Forklift Safety and Equipment: Chain Inspection/Maintenance

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07 Oct Forklift Safety and Equipment: Chain Inspection/Maintenance

The forklifts most warehouses put to work are responsible for a variety of different tasks each and every day. And the eventual wear and tear that occurs to those machines can be discovered early and fixed; small problems can develop into much bigger problems quickly—each inspection should be performed with care and accuracy. Two areas on the machine, both of which are absolutely integral to its everyday capabilities, are the forks and the chain. When the forks/chain have damage or excessive wear it could lead to an eventual total breakdown. The problem with this type of breakdown is that it could be responsible for an employee injury or even death.

Everyday inspections are vitally important to your machines overall health. When you check the forks, check the surfaces for any cracks or dents; check for signs of excessive wear; check the welds where the forks are attached to the lift truck. If you notice any damage in these areas then it is probably time to have those damages repaired, or, in some cases, to replace any damaged components.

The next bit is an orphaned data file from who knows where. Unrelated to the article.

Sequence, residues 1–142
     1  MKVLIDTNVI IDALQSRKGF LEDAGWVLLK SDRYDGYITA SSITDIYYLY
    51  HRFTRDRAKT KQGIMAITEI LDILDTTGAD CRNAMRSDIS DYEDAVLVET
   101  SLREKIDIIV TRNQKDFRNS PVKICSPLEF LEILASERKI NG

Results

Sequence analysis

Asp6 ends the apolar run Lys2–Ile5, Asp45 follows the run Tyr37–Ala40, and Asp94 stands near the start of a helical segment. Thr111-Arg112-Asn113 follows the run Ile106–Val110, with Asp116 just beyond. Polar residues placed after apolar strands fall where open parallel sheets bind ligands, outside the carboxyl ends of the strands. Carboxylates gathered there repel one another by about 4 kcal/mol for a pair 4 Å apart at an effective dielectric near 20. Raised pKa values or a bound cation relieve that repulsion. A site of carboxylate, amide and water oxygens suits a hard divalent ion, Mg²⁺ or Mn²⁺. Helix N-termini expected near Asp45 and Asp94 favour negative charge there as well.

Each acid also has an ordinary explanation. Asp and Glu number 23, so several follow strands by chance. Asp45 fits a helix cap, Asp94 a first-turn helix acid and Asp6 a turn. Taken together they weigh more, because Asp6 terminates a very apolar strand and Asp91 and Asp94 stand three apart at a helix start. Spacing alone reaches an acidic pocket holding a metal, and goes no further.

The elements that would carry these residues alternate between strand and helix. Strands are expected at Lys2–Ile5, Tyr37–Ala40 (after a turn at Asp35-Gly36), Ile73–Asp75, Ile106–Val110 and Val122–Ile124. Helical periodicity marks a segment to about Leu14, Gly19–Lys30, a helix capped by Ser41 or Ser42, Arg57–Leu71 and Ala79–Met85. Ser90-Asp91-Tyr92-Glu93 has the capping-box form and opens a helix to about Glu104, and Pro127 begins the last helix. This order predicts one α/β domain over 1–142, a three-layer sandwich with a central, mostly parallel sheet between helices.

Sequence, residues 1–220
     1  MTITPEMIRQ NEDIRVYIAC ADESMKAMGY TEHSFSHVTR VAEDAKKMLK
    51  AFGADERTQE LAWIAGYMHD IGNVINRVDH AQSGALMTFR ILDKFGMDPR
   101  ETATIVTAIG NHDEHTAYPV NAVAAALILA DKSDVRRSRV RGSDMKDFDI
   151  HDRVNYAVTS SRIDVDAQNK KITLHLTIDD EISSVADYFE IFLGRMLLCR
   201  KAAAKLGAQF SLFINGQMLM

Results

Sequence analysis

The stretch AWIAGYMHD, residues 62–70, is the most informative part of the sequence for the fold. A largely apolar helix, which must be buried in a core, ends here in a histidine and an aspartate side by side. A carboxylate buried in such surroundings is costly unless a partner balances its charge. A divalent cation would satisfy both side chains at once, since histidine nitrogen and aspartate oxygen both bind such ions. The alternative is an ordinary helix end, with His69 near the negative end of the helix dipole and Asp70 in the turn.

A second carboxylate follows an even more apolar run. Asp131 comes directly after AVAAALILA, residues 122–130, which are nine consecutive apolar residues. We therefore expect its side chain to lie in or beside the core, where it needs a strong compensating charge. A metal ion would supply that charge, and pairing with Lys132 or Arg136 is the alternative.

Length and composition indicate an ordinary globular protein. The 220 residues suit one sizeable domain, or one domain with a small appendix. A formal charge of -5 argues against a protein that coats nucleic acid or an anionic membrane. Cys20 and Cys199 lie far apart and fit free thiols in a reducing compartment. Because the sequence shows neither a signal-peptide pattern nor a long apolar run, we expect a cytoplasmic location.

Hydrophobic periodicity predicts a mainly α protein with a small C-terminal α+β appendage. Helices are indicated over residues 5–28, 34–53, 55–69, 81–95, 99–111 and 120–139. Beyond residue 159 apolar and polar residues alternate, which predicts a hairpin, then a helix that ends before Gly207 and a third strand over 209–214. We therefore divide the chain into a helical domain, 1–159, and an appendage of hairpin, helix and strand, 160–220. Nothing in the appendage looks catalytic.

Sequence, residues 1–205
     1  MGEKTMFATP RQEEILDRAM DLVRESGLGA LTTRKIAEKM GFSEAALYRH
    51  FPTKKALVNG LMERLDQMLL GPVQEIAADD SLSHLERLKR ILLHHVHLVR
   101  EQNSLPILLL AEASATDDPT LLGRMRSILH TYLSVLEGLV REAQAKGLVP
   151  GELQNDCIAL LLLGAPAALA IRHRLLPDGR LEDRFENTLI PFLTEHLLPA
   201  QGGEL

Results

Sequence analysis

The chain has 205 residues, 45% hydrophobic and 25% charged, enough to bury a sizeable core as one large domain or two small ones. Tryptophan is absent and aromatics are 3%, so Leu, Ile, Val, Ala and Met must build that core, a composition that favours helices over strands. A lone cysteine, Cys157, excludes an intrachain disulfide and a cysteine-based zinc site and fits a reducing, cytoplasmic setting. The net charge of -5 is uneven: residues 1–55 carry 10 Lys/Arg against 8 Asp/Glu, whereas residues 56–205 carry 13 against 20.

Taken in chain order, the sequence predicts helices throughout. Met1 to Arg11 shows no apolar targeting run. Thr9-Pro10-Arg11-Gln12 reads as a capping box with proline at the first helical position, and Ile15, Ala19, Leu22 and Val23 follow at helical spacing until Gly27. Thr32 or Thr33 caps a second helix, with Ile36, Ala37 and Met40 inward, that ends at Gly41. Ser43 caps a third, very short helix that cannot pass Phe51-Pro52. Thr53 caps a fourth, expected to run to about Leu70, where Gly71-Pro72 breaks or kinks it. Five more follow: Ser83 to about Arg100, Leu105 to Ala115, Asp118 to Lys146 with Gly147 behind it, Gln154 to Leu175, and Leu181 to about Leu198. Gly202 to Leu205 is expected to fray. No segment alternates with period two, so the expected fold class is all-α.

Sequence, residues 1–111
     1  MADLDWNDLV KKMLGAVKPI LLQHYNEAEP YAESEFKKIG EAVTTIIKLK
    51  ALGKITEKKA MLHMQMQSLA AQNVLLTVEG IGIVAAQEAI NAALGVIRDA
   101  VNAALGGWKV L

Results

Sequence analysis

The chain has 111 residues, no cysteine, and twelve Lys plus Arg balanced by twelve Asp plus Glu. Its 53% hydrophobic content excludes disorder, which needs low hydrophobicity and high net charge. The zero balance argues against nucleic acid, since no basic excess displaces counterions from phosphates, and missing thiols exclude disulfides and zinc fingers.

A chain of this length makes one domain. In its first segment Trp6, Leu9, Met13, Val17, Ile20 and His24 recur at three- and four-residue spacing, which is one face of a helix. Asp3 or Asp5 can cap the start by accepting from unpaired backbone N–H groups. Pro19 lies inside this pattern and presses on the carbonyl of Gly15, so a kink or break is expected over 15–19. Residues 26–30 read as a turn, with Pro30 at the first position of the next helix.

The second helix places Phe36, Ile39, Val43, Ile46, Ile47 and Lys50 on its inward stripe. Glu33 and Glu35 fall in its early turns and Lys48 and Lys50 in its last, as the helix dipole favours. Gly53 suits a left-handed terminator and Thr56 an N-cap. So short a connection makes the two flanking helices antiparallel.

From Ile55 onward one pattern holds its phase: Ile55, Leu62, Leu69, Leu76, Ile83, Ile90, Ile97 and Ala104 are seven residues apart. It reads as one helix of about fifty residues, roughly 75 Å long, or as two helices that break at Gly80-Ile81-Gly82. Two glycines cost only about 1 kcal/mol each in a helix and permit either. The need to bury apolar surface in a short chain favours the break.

Check that the blade and the shank are in good shape; blades and shanks should not have any bends—if a blade or shank is bent, even slightly, the damage should be fixed before the forklift is used again in service. The angle of the blade and shank is also vitally important to forklift safety. If the blade and shank exceed 93 degrees, the entire fork must be replaced before the machine is used in service. There are also a number of other possible damages (all of which are listed as inspection protocols in the OSHA checklist).

Chains undergo a tremendous amount of wear and tear from daily use. And other environmental conditions within the warehouse—dirt, rust, dust, and water (or any combination)—also affect its performance/longevity. Rust and corroded chains should be replaced, immediately. Look for cracks in the chain, damage to the track, and misalignment. Look for wear and tear that could develop into a potential problem.

And remember, when a forklift’s components are damaged or worn out beyond the point of safe use, it’s time to replace/repair those components. If you have any other forklift questions, then call Anderson Forklift today.

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